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Author Topic: Black Wings of Cthulhu, Edited by S.T. Joshi  (Read 14679 times)
TheFolklorist
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« on: August 21, 2012, 12:36:45 PM »

Has anyone else here picked up S.T. Joshi's much hyped anthology of Mythos fiction Black Wings of Cthulhu? It's now available in both the UK and the States and I bring it up because I picked it up about two weeks ago and am about half way through it and am hating it. This is seriously some of the worst attempts at Mythos or Lovecraftian fiction I've ever read. The atmosphere is wrong, the tone is wrong, the underlining philosophy is wrong, the stories either aren't scary or are scary for the wrongs reasons. I'm really wondering if some of these authors have actually ever read Lovecraft and I'm especially baffled that this whole thing was put together by Joshi who has been so hard on horror authors in general and Mythos writers in particular that I figured a collection put together by him would be nothing but the cream of the crop, but instead it's some of the worst I've ever read.

Here's what I've read so far.... (Some Spoilers)

"Engravings" by Joseph S. Pulver, Sr. - A short story about a man trying to beat the clock to deliver a package to a mysterious man named Mr. Phoenix. The story does a good job of capturing the frustration one feels when running late for an important meeting and it seems as if everything in creation is trying to get in your way. However that's the only complement I can give it. It otherwise fails at conveying Lovecraftian cosmic terror and the out of left field ending feels more like something from 1987's Angel Heart then anything HPL ever came up with.

"Copping Squid" by Michael Shea - This story, set in a modern day urban ghetto, starts off with an interesting set up and then goes nowhere with it. The reveal at the end is also identical to author Donald Burleson's Mytho tales "The Eye of Hlu-Hlu" but not as chilling.

"Passing Spirits" by Sam Gafford - This story is more of a spoof then an actual Lovecraftian tale but is overall pretty good. Basically imagine the movie 50/50 (2011) only replace Seth Rogen's character with HPL's ghost and you've got it.

"The Broadsword" by Laird Barron - This story has some good creepy moments in it and is well written over all but it belongs in an Arthur Machen tribute book more then an HPL one. There is also a scene where the protagonist is taken into some sort of sub-dimensional underworld which had I been an editor I would have strongly advised against it as it reads like a deleted chapter from Lovecraft's "The Mound", and we all know what a winner that story is.

"Denker's Book" by David J. Schow - This was also one of the shorter stories in the book and largely forgettable. It seems to be riffing on Lovecraft's "From Beyond" but honestly it was so poor that recalling anything else about it right now is beyond me.... heh

"Inhabitants of Wraithwood" by W.H. Pugmire - Pugmire is a pretty well known contemporary Mythos writer but this may be the first story I've ever read by him. He's obviously got some serious chops when it comes to prose but as for the story itself it just wasn't very interesting. It's basically "Pickman's Model" meets "The Picture of Dorian Gray" but in reverse with regard to the later. Hopefully anyone reading this book will have read both of those works and as a result will see the ending coming not long after having begun the piece. Not bad but not great either.  

"Howling in the Dark" by Darrell Schweitzer - Schweitzer is the editor of the much contested anthology Cthulhu's Reign which Mythos fans either seem to love or hate. I love it but didn't find Schweitzer's own tale from that collection - "Ghost Dancing" - to be amongst the best. This story here is.... just confusing. I'm honestly not sure what it was about. Nightguants maybe? Again not very Lovecraftian either way. In fact it almost feels more like an adult version of Maurice Sendak's Where the Wild Things Are.... and no not in the way the Spike Jonze film was.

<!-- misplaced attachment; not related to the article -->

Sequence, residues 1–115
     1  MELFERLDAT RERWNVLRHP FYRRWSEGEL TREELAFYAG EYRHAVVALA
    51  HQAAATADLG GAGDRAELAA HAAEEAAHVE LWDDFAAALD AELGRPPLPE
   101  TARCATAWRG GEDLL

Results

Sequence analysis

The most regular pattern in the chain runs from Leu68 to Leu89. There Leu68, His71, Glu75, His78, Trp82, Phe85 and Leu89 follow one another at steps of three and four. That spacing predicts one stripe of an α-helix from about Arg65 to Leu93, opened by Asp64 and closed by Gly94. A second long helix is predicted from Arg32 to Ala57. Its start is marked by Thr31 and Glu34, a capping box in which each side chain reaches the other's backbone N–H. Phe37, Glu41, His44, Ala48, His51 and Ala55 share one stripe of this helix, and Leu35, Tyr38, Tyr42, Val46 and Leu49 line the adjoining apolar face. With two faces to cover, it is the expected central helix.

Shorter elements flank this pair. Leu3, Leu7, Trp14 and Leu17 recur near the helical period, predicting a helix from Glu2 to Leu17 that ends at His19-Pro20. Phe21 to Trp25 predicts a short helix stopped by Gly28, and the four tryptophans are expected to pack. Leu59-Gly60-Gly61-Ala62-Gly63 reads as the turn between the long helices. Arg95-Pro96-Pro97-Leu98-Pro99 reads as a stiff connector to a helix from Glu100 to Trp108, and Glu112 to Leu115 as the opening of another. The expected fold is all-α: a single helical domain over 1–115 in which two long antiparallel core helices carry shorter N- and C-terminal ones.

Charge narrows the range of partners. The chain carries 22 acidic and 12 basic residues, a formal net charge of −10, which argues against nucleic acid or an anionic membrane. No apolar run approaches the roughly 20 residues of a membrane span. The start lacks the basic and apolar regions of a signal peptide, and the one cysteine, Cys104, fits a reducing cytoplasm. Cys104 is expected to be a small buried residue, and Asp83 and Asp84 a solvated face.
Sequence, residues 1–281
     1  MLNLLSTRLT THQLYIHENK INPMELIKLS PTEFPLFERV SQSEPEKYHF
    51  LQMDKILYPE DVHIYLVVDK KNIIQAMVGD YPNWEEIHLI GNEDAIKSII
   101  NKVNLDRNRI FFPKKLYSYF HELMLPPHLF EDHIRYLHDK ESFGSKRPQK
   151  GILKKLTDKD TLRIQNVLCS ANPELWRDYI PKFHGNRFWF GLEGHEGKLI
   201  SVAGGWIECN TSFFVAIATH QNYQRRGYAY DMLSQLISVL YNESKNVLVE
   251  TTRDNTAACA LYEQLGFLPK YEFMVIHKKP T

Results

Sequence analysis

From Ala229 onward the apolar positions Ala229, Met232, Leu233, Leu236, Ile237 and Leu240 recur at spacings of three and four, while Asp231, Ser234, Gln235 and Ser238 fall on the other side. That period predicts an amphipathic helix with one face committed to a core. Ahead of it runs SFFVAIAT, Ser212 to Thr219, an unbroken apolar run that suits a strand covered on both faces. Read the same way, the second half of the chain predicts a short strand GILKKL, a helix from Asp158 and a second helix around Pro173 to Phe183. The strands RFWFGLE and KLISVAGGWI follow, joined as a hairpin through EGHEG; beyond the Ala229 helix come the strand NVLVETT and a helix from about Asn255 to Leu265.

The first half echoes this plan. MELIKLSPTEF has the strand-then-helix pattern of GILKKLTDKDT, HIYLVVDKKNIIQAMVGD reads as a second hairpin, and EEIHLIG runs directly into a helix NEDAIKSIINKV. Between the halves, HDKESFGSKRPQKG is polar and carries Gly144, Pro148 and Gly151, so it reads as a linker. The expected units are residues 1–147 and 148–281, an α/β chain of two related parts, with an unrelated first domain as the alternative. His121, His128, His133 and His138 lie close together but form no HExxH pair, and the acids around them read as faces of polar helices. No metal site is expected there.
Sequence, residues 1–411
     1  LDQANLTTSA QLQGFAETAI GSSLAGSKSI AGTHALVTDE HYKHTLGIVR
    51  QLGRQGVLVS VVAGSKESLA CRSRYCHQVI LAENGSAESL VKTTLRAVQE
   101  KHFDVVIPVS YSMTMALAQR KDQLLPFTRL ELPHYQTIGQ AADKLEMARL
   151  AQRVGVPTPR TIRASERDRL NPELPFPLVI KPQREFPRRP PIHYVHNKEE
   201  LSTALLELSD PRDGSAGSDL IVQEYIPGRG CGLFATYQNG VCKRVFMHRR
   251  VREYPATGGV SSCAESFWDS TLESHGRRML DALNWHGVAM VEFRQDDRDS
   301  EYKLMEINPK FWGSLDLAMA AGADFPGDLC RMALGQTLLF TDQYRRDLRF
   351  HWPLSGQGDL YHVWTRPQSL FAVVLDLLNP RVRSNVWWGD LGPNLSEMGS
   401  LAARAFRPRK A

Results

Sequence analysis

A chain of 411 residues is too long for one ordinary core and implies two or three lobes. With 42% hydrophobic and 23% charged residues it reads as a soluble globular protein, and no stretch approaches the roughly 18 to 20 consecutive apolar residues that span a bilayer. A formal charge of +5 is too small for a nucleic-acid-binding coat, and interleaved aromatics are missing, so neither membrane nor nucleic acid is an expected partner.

"Lesser Demons" by Norman Partridge - This is seriously the worst story I've read so far. I really have no idea how it got picked for this book as it doesn't read like Lovecraft at all. It's almost the antithesis of Lovecraft. It reads like the screenplay for the next Resident Evil movie only with Milla Jovovich's character having been replaced by a craggy old backwoods gun loving sheriff. The story opens with the sheriff holed up in a cabin in the woods. He explains how a few weeks ago the world we know ended and was overrun by "bloodfaces" (aka ZOMBIES!) and then gradually other monsters who burst out of the bloodfaces' chests. None of these monsters are particularly Lovecraftian and include such creatures as a bear turned inside out, a minotaur with dreadlocks and some giant spiders with rat faces as well as your standard issued bat-winged, hoofed and horned demon at one point. Basically the sheriff and his deputy end up hiding in the woods occasionally venturing into town to get some supplies and lots and lots of guns. The deputy is more intellectual and wants to understand what happened to the world so he's given some books dealing with the occult. Yeah given, as in the author comes up with the laziest most nonsensical way for him to acquire some random books on occult lore. They're in the backseat of a car. Yeah..... Anyway the sheriff disapproves and tells the deputy that there's no point in all the book learning, they just need to hole up with plenty of ammo and sooner or later, after they've killed all the monsters, everything will go back to normal. But the deputy refuses to stop so the sheriff eventually shoots him. Yeah..... So in the end the military shows up and shoots all the monsters. The sheriff and the soldiers stand around for the last couple pages yucking it up about how all those scientists and scholars back at HQ are fools for trying to figure out how to fix this problem with books and charts. They know how to fix the problem; Aim and Fire. And that's the end. The happy ending. I think this might qualify for what Lovecraft called "bland optimism" but it also reads like a huge endorsement for the NRA. Terrible.